Monday, May 29, 2006

DVD Review:
"Arrested Development" season one

I think that people who buy boxed sets of old TV shows are usually stoopid eediots. Especially when most if those shows are available nigh-constantly in syndication (I'm looking at you, "Will and Grace: Season Three" buyers). However, there sometimes comes a series that is felled by a network while still wet from birth and the only way to suck out its marrow is to go ahead a drop a few rolls of nickels at the local media store and buy the damn thing. This is one of those occasions.

"Arrested Development" is awesome, surely the most awesomely entertaining comedy to live on network TV in at least 20 years. Or should I say "was" -- those bolt-eating morons at Fox signed its death warrant last winter (while dreck like "Bones" and "House" continue to draw breath), and creator Mitchell Hurwitz jumped off any chance of bringing it to Showtime. I feel dumb for totally missing this when it was on, other than having watched the last four episodes in a block during its swan song. This series was so much smarter than anything else on TV -- it relied on the viewer to keep some continuity in mind from episode to episode, as well as managing parallel plots/themes. The writers created such lushly textured plots that crisscrossed with running gags and setpieces, the air flying thick with one-liners and well-executed punchlines.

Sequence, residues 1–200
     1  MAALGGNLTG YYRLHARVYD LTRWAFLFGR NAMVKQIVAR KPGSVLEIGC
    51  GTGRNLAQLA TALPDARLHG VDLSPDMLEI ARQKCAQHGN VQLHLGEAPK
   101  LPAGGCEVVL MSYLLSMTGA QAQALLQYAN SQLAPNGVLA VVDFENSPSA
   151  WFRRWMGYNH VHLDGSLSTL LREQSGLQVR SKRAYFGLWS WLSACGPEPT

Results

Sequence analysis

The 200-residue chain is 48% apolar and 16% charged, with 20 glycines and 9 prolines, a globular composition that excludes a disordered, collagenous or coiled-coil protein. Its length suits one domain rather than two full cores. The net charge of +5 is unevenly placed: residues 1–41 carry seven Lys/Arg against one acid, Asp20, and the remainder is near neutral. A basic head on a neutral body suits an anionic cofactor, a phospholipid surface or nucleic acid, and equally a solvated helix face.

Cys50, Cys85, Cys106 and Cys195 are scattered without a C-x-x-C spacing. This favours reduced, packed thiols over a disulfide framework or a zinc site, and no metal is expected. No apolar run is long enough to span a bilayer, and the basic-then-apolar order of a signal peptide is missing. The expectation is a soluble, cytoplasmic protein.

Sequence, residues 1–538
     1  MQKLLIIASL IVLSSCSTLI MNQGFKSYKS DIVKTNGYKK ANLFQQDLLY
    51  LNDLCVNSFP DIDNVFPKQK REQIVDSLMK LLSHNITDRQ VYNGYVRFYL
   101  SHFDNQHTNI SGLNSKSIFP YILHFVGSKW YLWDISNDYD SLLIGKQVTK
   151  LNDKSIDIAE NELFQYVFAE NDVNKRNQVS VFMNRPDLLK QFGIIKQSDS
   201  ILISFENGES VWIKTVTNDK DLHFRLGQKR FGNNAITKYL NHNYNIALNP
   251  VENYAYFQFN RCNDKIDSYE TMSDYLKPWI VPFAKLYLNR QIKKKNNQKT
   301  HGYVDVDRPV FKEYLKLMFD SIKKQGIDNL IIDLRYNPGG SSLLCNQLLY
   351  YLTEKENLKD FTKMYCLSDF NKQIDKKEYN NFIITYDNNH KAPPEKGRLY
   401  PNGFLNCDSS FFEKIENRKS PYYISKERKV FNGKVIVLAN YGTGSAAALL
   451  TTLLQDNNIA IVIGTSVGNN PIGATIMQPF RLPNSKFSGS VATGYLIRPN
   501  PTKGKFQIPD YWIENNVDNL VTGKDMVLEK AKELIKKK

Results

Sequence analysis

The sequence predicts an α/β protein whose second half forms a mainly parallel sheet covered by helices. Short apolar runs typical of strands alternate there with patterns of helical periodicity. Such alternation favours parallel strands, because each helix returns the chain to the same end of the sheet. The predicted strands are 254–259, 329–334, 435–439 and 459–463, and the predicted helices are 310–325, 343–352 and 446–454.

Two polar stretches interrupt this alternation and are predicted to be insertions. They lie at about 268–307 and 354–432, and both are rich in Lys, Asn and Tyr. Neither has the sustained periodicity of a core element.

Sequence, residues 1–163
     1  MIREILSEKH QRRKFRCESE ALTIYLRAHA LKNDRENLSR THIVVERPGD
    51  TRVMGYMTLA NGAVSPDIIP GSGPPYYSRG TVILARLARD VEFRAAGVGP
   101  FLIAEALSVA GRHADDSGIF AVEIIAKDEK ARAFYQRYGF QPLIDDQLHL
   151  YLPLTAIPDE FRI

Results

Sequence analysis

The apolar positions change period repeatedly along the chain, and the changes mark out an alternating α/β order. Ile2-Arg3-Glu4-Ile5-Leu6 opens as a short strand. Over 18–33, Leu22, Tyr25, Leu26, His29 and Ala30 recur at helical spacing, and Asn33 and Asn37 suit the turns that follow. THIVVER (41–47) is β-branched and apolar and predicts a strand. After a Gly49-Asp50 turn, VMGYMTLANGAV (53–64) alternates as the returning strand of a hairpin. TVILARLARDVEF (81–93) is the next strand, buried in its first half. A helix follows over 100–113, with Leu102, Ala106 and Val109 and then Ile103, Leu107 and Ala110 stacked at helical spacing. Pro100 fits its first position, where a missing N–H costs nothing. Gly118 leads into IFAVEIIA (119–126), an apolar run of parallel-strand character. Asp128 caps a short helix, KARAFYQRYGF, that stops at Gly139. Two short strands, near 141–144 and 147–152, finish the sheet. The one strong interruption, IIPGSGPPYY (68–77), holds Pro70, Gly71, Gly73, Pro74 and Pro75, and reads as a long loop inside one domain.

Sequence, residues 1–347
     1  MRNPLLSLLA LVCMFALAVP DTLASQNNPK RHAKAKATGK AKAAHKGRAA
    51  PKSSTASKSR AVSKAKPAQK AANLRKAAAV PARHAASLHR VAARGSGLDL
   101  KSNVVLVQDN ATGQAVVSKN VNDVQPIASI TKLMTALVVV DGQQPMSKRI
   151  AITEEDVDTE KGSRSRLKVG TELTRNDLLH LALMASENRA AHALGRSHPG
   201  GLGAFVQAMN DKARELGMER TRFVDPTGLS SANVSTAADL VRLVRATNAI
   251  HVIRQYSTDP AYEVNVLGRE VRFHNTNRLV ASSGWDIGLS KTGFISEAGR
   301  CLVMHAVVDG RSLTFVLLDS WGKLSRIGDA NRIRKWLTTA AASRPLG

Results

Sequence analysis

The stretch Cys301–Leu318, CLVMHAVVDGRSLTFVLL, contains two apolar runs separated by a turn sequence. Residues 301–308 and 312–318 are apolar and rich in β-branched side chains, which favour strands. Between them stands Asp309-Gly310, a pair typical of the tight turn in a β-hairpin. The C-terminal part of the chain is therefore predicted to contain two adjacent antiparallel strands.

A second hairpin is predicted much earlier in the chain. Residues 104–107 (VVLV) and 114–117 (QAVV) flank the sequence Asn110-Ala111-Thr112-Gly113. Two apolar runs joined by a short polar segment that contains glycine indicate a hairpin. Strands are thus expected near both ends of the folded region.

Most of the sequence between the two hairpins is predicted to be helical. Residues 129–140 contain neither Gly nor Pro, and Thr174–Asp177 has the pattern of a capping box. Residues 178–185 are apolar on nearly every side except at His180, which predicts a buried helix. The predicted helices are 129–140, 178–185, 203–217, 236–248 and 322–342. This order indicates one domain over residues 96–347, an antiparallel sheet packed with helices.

I couldn't even begin to furnish an example, because it would murder the moment. Wait, scratch that -- I love the moment when brothers Michael and Gob (Jason Bateman and Will Arnett) are reconciling with a hug after a particular tricky plot. There is a moment of quiet, and Gob tells Michael that if he feels something poking from his pocket, it's a magician's dove he keeps in in there. Of course, a dove waddles into frame behind them that exact moment. The showrunners have patented a mix of slapstick, absurdism, and character comedy that works from the pilot episode onward.

The cast, with special regard to Bateman as a straight man for the ages, pulls off each joke as if they thought of it themselves -- as high a measure of praise as I can think of. I can't wait for seasons 2 and 3 to appear on top of my office's TV set.